In Ignite's latest, two sisters are suspected of being witches. Or is the magic in their mysteriousness?

click to enlarge Who you calling a witch? - NEESHA SCHROM CROSEN PHOTO
Neesha Schrom Crosen photo
Who you calling a witch?

If the title of Ignite! Community Theatre's new production leaves you somewhat bewildered and a little intrigued, that's kind of the point. Two Witches, No Waiting, written by prolific playwright Pat Cook, capitalizes on an air of mischief and mystery that two sisters cultivate when the circumstances require it.

"The title is taken from one of the lines near the end of the play," says Director Troy Heppner. "And it really is apropos. It's spoken by one of the sisters' son as people are rushing out of the house, basically stating, 'This is what you think, [but] this is what you get.' When you hear the line toward the end of the play, you go, 'Oh, now I get it.'"

Despite — or because of — its Texas setting, Heppner says that Two Witches, No Waiting is often described as a "Southern comedy," a label that not only suits the play but captures one of its charms.

"It's a Southern comedy without making fun of the Southern culture. We've all seen plays where they present Southerners as caricatures and they're wacky or zany, whereas this play could easily take place in Spokane," he says.

There's a similar adaptability to the play's themes, which is why Heppner sees the post-Halloween opening as a nonissue.

"This could present any time of year. My biggest qualm with the play was its title. We associate witches with Halloween, but truly it's more about people who are different."

The play's central premise is that the two "mature" sisters, Arlene (Kris Behr) and Elzbeth (Moira Moore), are suspected by the local townspeople of dabbling in witchcraft. At least, that's what the outward signs would indicate. The two sisters live together in a large historic home where they practice strange herbal medicine and keep secretive rooms.

Then their housekeeper Opal (Kathy Bowers) begins spreading rumors of something sinister afoot — right before she goes missing. But is it the sisters who are sinister? Or is something else going on?

"As it turns out, a big conglomerate and entrepreneur wants to buy their land so that he can knock down the house and build a resort. And his daughter is dating one of the sisters' son. So the father, the entrepreneur who wants the land, is kind of using their relationship to get what he wants," Heppner explains. The land developer, the archly named Eustace Sternwood, is played by Dan Griffiths.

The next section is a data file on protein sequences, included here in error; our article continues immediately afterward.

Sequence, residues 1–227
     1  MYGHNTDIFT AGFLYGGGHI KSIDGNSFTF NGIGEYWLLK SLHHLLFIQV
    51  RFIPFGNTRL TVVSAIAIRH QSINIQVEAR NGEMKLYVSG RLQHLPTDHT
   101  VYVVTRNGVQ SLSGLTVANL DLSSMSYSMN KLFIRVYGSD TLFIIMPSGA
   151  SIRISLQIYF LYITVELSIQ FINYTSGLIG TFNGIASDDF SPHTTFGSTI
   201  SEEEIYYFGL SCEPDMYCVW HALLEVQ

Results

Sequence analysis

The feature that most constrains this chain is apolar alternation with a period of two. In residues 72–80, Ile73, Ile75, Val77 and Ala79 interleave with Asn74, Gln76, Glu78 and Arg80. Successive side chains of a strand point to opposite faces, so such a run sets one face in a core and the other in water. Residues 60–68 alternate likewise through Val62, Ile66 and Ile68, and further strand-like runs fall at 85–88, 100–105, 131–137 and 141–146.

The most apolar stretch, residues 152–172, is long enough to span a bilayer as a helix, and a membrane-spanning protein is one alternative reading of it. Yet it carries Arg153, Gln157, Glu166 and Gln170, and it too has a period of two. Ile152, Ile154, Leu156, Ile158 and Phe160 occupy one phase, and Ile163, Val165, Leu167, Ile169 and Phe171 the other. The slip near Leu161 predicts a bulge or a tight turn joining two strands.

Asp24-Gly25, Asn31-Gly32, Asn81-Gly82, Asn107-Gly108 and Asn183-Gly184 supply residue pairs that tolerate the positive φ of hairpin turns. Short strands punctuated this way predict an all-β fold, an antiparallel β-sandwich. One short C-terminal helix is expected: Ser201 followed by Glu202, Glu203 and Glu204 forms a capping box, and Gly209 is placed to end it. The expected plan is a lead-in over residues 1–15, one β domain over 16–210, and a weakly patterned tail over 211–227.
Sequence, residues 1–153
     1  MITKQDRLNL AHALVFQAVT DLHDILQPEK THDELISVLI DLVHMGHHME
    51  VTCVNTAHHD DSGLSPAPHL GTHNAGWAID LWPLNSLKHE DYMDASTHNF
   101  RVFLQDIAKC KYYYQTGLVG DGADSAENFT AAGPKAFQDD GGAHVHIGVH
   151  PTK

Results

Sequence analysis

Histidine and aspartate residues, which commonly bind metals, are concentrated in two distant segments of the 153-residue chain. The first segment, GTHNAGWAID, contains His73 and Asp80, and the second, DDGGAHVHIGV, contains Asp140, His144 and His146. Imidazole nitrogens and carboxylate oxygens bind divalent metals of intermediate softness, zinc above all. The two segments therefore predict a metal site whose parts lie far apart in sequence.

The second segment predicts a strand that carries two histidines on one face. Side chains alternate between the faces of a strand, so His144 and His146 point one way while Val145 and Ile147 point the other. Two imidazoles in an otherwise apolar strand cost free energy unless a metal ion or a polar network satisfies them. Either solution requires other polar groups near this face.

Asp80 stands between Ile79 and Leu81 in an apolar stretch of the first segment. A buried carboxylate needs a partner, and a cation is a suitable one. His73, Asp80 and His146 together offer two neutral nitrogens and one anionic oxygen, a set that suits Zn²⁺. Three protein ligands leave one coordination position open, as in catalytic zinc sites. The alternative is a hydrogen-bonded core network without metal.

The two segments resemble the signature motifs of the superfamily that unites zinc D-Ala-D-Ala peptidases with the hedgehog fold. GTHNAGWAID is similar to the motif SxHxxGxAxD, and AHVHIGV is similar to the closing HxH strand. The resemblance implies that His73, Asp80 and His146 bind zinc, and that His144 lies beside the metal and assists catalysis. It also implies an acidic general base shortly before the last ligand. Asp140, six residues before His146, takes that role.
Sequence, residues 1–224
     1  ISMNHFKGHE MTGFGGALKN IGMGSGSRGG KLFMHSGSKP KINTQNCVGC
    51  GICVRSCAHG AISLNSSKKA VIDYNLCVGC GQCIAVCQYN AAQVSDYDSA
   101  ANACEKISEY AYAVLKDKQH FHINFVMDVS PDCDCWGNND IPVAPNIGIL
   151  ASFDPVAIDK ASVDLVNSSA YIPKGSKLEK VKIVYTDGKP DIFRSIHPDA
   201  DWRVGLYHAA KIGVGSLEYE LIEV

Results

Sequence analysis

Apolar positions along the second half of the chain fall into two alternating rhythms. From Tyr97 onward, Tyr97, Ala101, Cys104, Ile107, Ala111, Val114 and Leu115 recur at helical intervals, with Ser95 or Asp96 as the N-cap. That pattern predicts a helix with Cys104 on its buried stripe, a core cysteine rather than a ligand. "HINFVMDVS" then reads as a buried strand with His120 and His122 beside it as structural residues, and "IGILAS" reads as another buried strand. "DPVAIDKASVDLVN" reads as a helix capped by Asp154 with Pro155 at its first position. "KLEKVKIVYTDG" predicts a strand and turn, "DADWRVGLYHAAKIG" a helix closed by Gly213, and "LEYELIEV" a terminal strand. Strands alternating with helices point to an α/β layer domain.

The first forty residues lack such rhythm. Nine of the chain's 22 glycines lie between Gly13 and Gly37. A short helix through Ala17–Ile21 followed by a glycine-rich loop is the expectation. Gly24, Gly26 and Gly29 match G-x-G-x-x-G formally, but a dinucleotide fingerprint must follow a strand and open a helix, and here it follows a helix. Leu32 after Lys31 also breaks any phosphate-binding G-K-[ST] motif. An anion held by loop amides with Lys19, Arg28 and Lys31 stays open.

And romantic ties aren't the only trick up Eustace's sleeve. He also tries using the negative rumors to turn the town against Arlene and Elzbeth.

"It turns out the community likes them. They think of their suspected witchcraft as just an eccentricity, and the things they do, like herbal potions, are beneficial. They help their community and are a part of their community."

This being a community-oriented production, there's an ensemble cast of both veteran and new actors from the area. The cast of characters also includes the local sheriff (Jerry Uppinghouse), Arlene's son Marcus (Jacob Carruthers), his fiancée Kit (Kimber Kettler) and the sisters' new housekeeper Bonnie (Julie Berghammer).

"You can tell there's something going on between Jeremy and Bonnie, even though his girlfriend is the daughter of the businessman," says Heppner. As director, he has a particular soft spot for the dynamic between the sisters.

"Elzbeth, actually the younger of the sisters, is a trickster. She likes to stir the pot. She'll do things that seem odd or bizarre, but Arlene, the perfect Southern lady, always has a good explanation of what Elzbeth just did. As a matter of fact, there are a couple of lines where she is known as 'Arlene the explainer.' To me, that's a lot of fun," he says.

For Heppner, though, the most fun comes from the way a play like Two Witches, No Waiting embodies what Ignite! and the local grassroots community theater scene is all about.

"I am so thankful that there are people willing to put in a time commitment on a strictly volunteer basis. I've met people doing theater that I have been friends and acquaintances with for decades," he says. "The truth is that theater in Spokane is a big family." ♦

Two Witches, No Waiting • Nov. 9-25; Fri-Sat at 7:30 pm, Sun at 2 pm • $15 • Ignite! Community Theatre • 10814 E. Broadway Ave., Spokane Valley • • 795-0004


Sat., Oct. 23 and Sun., Oct. 24
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About The Author

E.J. Iannelli

E.J. Iannelli is a Spokane-based freelance writer, translator, and editor whose byline occasionally appears here in The Inlander. One of his many shortcomings is his inability to think up pithy, off-the-cuff self-descriptions.